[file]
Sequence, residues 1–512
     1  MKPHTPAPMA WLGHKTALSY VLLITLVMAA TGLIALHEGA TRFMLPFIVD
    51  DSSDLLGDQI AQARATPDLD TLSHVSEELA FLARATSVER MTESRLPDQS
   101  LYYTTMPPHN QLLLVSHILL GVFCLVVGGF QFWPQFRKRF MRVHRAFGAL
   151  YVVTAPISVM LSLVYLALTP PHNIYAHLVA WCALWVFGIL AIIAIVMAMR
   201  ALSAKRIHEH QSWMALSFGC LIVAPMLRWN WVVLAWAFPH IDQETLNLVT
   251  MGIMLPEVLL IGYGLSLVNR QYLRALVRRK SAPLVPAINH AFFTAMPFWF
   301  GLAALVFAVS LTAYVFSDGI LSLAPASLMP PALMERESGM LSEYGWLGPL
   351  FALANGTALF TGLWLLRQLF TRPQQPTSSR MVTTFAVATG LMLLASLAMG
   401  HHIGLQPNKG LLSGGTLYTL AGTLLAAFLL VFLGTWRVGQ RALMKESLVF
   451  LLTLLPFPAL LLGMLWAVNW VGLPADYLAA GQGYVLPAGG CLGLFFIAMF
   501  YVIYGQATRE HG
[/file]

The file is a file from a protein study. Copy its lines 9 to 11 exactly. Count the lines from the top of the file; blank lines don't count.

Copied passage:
   351  FALANGTALF TGLWLLRQLF TRPQQPTSSR MVTTFAVATG LMLLASLAMG
   401  HHIGLQPNKG LLSGGTLYTL AGTLLAAFLL VFLGTWRVGQ RALMKESLVF
   451  LLTLLPFPAL LLGMLWAVNW VGLPADYLAA GQGYVLPAGG CLGLFFIAMF